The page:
A reported 81,000 people in China have contracted COVID-19 – the coronavirus – with a reported death toll of 3,120 (and counting) in China alone.
Those numbers are probably low, given that Beijing has stifled information and suppressed the actual toll: Physicians in China leaked word that the virus claimed 108 people on a single day in early February; a week later, the single-day death toll was 242. By mid-February, the number of reported cases was jumping by 5,000 per day. While public health agencies, virologists, aid groups and militaries on five continents try to contain and extinguish the killer virus, China’s communist regime is simply trying to survive it.
The coronavirus -- or perhaps more accurately, public reaction to Beijing’s response to it – is just the latest in a series of crises that have sent shockwaves through the People’s Republic of China (PRC). History shows that authoritarian regimes – despite all their Potemkin certainty, sturdiness and solidity -- can only handle so many such shocks before they start to wobble.
What was arguably a manageable public-health problem mushroomed into a political crisis for Beijing – and a global pandemic – because PRC authorities feared a threat to their system of control.
As The Washington Post reports, when ophthalmologist Li Wenliang began to see cases of a SARS-like virus in December, he discussed the mysterious new sickness with other physicians in Wuhan, China, and “urged people to be careful” via his Weibo account (China’s Twitter knockoff).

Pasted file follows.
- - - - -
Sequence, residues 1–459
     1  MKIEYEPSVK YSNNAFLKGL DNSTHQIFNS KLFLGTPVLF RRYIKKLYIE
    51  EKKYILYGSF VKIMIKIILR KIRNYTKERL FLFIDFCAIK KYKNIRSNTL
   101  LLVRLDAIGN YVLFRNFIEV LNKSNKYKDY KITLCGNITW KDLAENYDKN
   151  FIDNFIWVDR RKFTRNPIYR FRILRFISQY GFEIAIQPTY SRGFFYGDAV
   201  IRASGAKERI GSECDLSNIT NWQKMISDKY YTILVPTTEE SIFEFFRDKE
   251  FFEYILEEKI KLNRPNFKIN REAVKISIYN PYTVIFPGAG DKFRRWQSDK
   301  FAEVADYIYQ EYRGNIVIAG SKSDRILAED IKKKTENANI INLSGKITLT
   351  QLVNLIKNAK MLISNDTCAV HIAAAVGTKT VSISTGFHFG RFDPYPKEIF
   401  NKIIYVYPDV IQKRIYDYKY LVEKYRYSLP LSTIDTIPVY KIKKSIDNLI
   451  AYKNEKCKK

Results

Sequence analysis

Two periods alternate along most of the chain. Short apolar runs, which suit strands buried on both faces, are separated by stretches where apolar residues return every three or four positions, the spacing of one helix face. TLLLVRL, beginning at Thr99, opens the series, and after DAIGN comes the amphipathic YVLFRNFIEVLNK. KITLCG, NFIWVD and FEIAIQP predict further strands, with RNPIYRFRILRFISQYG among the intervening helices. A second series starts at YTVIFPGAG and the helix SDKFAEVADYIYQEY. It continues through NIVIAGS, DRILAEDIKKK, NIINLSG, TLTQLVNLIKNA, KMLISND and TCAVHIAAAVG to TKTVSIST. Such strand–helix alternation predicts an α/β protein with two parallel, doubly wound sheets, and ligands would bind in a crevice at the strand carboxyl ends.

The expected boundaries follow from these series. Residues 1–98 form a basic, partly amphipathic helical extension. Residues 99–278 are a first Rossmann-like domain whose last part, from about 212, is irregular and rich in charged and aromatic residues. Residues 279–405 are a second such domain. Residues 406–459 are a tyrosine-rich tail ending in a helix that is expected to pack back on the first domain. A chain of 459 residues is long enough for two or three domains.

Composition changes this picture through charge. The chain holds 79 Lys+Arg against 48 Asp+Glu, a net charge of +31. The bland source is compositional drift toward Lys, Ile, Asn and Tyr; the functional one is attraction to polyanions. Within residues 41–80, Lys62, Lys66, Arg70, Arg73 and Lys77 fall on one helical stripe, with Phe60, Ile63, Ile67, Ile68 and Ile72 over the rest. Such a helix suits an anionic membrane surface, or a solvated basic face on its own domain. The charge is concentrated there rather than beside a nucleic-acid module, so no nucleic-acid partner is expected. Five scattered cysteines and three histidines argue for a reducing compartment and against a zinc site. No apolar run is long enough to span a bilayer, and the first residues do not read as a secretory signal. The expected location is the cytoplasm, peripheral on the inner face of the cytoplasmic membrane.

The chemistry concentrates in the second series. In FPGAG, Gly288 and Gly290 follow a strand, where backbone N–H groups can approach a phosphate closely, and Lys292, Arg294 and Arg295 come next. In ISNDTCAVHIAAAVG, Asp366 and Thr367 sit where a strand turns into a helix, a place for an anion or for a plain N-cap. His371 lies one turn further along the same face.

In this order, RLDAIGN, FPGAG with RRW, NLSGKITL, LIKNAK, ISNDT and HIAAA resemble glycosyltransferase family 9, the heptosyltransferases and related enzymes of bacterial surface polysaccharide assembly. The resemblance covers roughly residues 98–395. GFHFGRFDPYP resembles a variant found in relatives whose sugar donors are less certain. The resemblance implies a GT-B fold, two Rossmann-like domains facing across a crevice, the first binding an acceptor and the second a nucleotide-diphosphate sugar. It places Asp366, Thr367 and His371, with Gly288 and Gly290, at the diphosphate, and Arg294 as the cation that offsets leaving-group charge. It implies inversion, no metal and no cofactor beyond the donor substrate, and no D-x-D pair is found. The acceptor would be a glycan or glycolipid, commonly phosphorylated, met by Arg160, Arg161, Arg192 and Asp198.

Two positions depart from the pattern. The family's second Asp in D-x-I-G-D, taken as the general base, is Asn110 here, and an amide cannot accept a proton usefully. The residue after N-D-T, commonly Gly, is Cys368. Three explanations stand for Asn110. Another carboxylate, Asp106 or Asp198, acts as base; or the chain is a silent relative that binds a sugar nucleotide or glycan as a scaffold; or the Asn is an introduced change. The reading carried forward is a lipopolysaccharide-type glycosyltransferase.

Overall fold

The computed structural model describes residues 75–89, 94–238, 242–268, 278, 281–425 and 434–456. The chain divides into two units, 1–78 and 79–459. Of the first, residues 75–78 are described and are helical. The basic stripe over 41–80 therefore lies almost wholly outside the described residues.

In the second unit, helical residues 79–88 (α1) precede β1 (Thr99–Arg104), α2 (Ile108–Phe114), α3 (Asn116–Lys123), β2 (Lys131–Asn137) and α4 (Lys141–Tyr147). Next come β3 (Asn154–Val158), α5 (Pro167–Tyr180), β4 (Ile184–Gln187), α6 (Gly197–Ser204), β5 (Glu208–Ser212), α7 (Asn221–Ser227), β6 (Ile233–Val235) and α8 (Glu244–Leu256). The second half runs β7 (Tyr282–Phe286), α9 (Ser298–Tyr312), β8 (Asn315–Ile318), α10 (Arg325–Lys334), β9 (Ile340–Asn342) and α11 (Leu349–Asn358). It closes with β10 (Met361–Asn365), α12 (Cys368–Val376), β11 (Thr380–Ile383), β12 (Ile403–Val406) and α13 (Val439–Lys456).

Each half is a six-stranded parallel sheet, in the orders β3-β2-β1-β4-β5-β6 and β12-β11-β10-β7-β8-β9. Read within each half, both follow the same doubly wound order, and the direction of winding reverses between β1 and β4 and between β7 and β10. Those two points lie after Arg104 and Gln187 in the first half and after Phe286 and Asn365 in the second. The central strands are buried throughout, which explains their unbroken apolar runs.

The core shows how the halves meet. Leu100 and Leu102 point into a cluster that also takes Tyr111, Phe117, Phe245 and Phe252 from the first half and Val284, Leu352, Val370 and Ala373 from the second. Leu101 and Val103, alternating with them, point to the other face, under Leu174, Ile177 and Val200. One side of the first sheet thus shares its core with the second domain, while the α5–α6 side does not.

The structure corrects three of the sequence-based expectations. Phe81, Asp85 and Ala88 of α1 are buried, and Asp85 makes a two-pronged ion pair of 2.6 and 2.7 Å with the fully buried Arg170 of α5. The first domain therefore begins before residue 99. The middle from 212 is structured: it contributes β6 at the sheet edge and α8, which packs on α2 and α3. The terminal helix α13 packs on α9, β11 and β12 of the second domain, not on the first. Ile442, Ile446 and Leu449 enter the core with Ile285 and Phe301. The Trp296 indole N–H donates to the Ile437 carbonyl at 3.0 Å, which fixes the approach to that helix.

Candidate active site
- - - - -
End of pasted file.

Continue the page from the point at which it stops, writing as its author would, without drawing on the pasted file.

For that display of independent thought, Li was arrested on charges of committing “illegal acts” and spreading “rumors.” He was released only after agreeing to sign a document admitting he had broken the law, “severely disrupted social order” and made “untrue statements.”
By February, Li was dead – one of the early victims of the very virus he tried to warn his neighbors and nation about.
Li’s ordeal has triggered fury across China, with more than 100,000 people turning his Weibo account into a memorial. His death generated 800 million comments on Weibo. Even a PRC magistrate released a statement concluding, “If society had at the time believed those ‘rumors,’ and wore masks, used disinfectant ... perhaps it would’ve meant we could better control the coronavirus today ... Rumors end when there is openness.”
This is why some observers compare the coronavirus crisis to the 1986 Chernobyl nuclear disaster, the mishandling of which undermined public support for the Soviet regime. Calling China’s coronavirus crisis “a biological Chernobyl,” Bradley Thayer of the University of Texas and Han Lianchao of Citizen Power Initiatives for China argue, “This type of regime is unable to address the problem because to do so threatens the legitimacy of the regime ... The Chinese Communist Party must suppress because failure or disasters threaten the legitimacy of the regime, which cannot be seen to fail.”
That’s exactly what happened in both Chernobyl and Wuhan. Yet even as millions panic and thousands suffer and die, PRC strongman Xi Jinping is hailing, “positive results.”